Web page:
ratio.
58
JJovian Planets
KKuiper Belt
LLight-Year (LY)
MMagnitude
Meridian
Messier
NNebula
North Celestial Pole
Nova
OOpen Cluster
PParallax
Parfocal
Parsec
Point Source
RReflector
Resolution
Right Ascension: (RA)
SSchmidt Telescope
Sidereal Rate
Any of the four gas giant planets that are at a greater distance form the sun than the terrestrial
planets.
A region beyond the orbit of Neptune extending to about 1000 AU which is a source of many short
period comets.
A light-year is the distance light traverses in a vacuum in one year at the speed of 299,792 km/ sec.
With 31,557,600 seconds in a year, the light-year equals a distance of 9.46 X 1 trillion km (5.87 X 1
trillion mi).
Magnitude is a measure of the brightness of a celestial body. The brightest stars are assigned
magnitude 1 and those increasingly fainter from 2 down to magnitude 5. The faintest star that can be
seen without a telescope is about magnitude 6. Each magnitude step corresponds to a ratio of 2.5 in
brightness. Thus a star of magnitude 1 is 2.5 times brighter than a star of magnitude 2, and 100 times
brighter than a magnitude 5 star. The brightest star, Sirius, has an apparent magnitude of -1.6, the
full moon is -12.7, and the Sun's brightness, expressed on a magnitude scale, is -26.78. The zero
point of the apparent magnitude scale is arbitrary.
A reference line in the sky that starts at the North celestial pole and ends at the South celestial pole
and passes through the zenith. If you are facing South, the meridian starts from your Southern
horizon and passes directly overhead to the North celestial pole.
A French astronomer in the late 1700’s who was primarily looking for comets. Comets are hazy
diffuse objects and so Messier cataloged objects that were not comets to help his search. This
catalog became the Messier Catalog, M1 through M110.
Interstellar cloud of gas and dust. Also refers to any celestial object that has a cloudy appearance.
The point in the Northern hemisphere around which all the stars appear to rotate. This is caused by
the fact that the Earth is rotating on an axis that passes through the North and South celestial poles.
The star Polaris lies less than a degree from this point and is therefore referred to as the "Pole Star".
Although Latin for "new" it denotes a star that suddenly becomes explosively bright at the end of its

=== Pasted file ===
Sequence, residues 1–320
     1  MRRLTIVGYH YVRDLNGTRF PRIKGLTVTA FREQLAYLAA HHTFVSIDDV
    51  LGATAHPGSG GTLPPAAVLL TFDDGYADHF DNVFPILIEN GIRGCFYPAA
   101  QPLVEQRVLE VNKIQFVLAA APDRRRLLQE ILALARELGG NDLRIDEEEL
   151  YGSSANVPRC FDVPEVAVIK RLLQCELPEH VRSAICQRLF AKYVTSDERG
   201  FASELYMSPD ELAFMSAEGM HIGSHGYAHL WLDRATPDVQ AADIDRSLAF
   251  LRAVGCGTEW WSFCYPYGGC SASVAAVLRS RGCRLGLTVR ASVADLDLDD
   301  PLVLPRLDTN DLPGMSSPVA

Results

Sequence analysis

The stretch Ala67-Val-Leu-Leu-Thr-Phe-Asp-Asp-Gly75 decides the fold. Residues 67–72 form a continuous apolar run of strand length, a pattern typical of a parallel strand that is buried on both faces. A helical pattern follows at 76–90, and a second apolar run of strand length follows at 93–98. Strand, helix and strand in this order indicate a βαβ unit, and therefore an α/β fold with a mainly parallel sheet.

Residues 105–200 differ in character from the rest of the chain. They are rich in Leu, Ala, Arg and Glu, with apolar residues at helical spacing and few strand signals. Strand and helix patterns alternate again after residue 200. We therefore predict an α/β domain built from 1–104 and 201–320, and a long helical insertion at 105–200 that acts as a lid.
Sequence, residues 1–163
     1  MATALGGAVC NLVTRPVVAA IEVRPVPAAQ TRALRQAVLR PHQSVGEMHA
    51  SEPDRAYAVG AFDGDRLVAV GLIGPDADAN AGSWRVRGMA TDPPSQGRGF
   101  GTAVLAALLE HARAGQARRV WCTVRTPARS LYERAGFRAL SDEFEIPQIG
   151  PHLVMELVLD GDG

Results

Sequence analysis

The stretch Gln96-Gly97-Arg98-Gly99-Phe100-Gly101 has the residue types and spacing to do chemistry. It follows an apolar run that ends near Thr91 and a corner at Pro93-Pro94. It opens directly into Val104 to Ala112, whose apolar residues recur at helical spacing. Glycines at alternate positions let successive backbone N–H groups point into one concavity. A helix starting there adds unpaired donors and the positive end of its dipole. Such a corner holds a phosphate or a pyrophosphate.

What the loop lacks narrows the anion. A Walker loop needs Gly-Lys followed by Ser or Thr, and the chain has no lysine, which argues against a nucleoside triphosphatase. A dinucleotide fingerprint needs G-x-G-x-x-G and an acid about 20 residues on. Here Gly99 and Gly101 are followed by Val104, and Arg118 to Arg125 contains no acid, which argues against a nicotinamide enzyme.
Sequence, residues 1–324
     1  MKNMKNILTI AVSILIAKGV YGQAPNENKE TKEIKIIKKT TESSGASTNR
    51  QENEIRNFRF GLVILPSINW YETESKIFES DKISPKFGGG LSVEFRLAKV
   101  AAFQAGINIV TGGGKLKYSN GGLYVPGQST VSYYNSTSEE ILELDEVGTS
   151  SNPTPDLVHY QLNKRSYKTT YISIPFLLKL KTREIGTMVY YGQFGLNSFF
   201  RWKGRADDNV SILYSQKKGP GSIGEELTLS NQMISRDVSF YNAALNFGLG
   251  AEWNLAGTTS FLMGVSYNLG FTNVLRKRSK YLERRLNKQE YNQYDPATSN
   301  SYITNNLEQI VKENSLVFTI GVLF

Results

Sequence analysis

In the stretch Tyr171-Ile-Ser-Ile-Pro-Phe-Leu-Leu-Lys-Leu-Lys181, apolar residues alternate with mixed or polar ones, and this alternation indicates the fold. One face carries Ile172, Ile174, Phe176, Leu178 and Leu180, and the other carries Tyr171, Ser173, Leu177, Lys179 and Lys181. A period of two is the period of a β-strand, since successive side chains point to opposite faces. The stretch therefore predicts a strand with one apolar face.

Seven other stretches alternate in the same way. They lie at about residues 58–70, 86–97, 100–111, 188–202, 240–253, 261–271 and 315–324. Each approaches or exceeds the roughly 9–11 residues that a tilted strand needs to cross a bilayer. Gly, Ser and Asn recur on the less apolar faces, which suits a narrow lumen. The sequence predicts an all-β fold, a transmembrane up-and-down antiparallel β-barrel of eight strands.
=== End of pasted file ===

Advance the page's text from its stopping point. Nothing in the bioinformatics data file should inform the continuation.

life cycle.
One of the groupings of stars that are concentrated along the plane of the Milky Way. Most have an
asymmetrical appearance and are loosely assembled. They contain from a dozen to many hundreds
of stars.
Parallax is the difference in the apparent position of an object against a background when viewed by
an observer from two different locations. These positions and the actual position of the object form a
triangle from which the apex angle (the parallax) and the distance of the object can be determined if
the length of the baseline between the observing positions is known and the angular direction of the
object from each position at the ends of the baseline has been measured. The traditional method in
astronomy of determining the distance to a celestial object is to measure its parallax.
Refers to a group of eyepieces that all require the same distance from the focal plane of the
telescope to be in focus. This means when you focus one parfocal eyepiece all the other parfocal
eyepieces, in a particular line of eyepieces, will be in focus.
The distance at which a star would show parallax of one second of arc. It is equal to 3.26 light-years,
206,265 astronomical units, or 30,8000,000,000,000 km. (Apart from the Sun, no star lies within
one parsec of us.)
An object which cannot be resolved into an image because it to too far away or too small is
considered a point source. A planet is far away but it can be resolved as a disk. Most stars cannot
be resolved as disks, they are too far away.
A telescope in which the light is collected by means of a mirror.
The minimum detectable angle an optical system can detect. Because of diffraction, there is a limit
to the minimum angle, resolution. The larger the aperture, the better the resolution.
The angular distance of a celestial object measured in hours, minutes, and seconds along the
Celestial Equator eastward from the Vernal Equinox.
Rated the most important advance in optics in 200 years, the Schmidt telescope combines the best
features of the refractor and reflector for photographic purposes. It was invented in 1930 by
Bernhard Voldemar Schmidt (1879-1935).
This is the angular speed at which the Earth is rotating. Telescope tracking motors drive the